Family literacy phoenix

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2010 ACEI Phoenix Conference
Family Literacy Book bags

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Family literacy phoenix

  1. 1. Revisiting Family Literacy: Strengthening School, Family, and Community Through Children’s Literature<br />Patricia A. Crawford<br />University of Pittsburgh<br />Nancy Brasel & Sherron Killingsworth Roberts<br />University of Central Florida<br />ACEI 2010, Phoenix. Arizona<br />
  2. 2. Purpose of session:<br />To consider the benefits of implementing a family literacy program component while exploring ideas for creating interactive literacy activities for parents and children<br />
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  4. 4. Federal Definition<br />Family literacy "services that are of sufficient intensity in terms of hours, and of sufficient duration, to make sustainable changes in a family, and that integrate all of the following activities: <br />
  5. 5. training for parents regarding how to be the primary teacher for their children and full partners in the literacy education of their children; <br />parent literacy training that leads to economic self-sufficiency; <br />an age-appropriate education to prepare children for success in school and life experiences;<br />Interactive literacy activities between parents and their children. <br />
  6. 6. Family Literacy findings<br />Parent-child literacy activities, such as reading to children, have been found to improve children's language skills and heighten their interest in books<br />The more frequently parents read to their children, the more likely the children are to show emerging literacy skills<br />Children’s development and school achievement is highly correlated with the amount of time they spend with their parents. (Jacobs, 2004; Pianta, 2004; Powell, 2004).<br />
  7. 7. family literacy findings<br />Parents have a significant impact on the language and literacy development of their children (Dickinson & Tabor, 2001; Hart &Risley, 1995; 1999).<br />The more time that parents spend interacting with their children, the better the chance that their children will have higher vocabulary and IQ test scores at age three (Hart &Risley, 1999).<br />Frequent parent-child book reading benefits children’s language and literacy development (Bus, vanIjzendoorn& Pelligrini,1995; Lonigan&Whitehurst,1998).<br />
  8. 8. Supporting families as literacy coaches: Roles and tips<br />Actively Listen- Listen closely to the children and accept their perspective.<br />Become a Mentor- As a mentor or coach you will be asking children to extend their ideas, by wondering & asking questions <br />Share Positive Reading Experiences- Share books you have read, magazine articles, newspaper articles, letters, etc. to demonstrate the importance of reading<br />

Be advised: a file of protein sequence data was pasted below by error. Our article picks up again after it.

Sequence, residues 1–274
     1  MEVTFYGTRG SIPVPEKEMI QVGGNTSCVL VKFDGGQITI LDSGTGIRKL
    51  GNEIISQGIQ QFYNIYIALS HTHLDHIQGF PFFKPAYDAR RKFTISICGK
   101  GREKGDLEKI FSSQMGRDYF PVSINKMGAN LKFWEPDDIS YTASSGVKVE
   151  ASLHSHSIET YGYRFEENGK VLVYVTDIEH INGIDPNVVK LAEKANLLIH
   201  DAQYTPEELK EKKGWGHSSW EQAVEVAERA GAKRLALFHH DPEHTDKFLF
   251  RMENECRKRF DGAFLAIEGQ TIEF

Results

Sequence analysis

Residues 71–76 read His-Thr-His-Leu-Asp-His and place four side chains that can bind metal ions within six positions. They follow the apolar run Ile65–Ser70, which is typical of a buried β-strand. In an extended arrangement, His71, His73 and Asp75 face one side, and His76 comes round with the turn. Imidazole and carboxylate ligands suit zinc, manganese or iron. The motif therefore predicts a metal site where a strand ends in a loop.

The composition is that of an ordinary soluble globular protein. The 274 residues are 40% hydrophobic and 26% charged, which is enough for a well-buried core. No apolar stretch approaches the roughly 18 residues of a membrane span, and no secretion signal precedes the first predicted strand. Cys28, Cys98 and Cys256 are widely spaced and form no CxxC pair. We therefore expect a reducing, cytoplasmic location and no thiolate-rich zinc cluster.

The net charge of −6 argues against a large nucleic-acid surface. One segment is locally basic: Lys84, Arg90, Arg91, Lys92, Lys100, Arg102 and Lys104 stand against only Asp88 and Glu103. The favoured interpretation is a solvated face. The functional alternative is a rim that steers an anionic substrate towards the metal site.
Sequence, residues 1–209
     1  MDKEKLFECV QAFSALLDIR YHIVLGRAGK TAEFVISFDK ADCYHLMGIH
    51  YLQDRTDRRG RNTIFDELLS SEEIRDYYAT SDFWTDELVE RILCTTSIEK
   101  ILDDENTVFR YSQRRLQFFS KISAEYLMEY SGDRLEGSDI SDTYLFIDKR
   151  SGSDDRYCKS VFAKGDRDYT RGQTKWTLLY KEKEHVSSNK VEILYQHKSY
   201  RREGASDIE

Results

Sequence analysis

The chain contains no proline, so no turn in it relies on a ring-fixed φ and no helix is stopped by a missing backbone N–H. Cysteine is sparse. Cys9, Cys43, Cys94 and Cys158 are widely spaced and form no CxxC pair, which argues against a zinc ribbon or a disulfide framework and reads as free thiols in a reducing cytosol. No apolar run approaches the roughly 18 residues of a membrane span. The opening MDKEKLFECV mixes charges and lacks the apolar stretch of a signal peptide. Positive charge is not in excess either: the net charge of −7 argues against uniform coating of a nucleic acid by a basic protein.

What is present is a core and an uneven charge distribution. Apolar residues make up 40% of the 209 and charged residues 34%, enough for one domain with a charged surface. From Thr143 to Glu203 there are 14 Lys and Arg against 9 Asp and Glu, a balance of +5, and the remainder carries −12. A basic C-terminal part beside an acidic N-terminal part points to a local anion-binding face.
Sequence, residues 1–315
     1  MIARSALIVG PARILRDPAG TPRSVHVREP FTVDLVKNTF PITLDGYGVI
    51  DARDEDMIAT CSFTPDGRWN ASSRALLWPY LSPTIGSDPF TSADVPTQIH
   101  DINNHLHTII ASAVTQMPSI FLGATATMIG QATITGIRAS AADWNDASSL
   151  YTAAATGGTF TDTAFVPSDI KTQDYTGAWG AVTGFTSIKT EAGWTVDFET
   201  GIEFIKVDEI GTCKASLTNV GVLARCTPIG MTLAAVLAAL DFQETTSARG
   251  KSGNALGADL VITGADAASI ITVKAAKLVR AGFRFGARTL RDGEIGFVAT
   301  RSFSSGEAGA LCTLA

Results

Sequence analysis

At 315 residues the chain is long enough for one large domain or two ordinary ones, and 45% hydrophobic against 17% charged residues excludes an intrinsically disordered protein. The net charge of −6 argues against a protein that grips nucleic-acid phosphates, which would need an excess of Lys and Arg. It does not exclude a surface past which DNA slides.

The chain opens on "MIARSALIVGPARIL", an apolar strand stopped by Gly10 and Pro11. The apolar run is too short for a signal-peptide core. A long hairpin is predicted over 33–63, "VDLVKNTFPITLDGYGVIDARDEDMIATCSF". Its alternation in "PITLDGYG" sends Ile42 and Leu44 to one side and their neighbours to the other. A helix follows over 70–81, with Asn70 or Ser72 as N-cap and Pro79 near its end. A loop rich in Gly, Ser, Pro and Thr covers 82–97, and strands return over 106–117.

9. 9. Supporting Families as literacy coaches: More roles and tips<br />Provide a Model-Read and think aloud so children can learn what successful readers do. Model fluent reading<br />Provide Appropriate Support- Wait five seconds before intervening if a child is having difficulty reading a word or text.<br />
  10. 10. Interactive literacy bags<br />A Means to Support Family Literacy:<br />
  11. 11. Interactive literacy bags<br />Serve as a transportable classroom library<br />Provide a tangible connection between home and school<br />Typically include a developmentally appropriate book and relevant support materials<br />May include suggestions for parents and other caring readers in the child’s life<br />Invite both reading and reading response<br />
  12. 12. Three sample programs<br />Red Bug Reads (Casselberry, Florida)<br />Family Literacy Bags (Palm Bay, Florida)<br />The Wordless Book Nook (New Wilmington, Pennsylvania)<br />
  13. 13. Red Bug reads<br />Part of an ongoing and comprehensive program to support a love and learning of literacy at Red Bug Elementary in Casselberry, Florida<br />Packets developed as part of a 10+ year collaboration with the College of Education at the University of Central Florida<br />Packets developed by teacher education students and used by a wide range of community tutors who work with elementary students<br />
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  15. 15. Red bug reads packets<br />Book packets include activities to use before, after, and during reading<br />Packets include a wealth of generally applicable activities such as the five-finger strategy, graphic organizers, reading and writing connections<br />See more at http://pegasus.cc.ucf.edu/~ira2001/home.html<br />
  16. 16. Family Literacy BagsPort Malabar Elementary<br />Ongoing program at Title One school in Palm Bay Florida that began in January 2008<br />25 bags with children’s book(s), related activities and materials<br />Children choose bag based on picture tag attached to bag<br />Children take home bags each Friday and return them the following Tuesday Participants included the kindergarten student and: mom, dad, brother, sister and/or grandmother<br />Mothers were the most frequent participants<br />Families reported participating in the literacy activities for one or more hours each weekend.<br />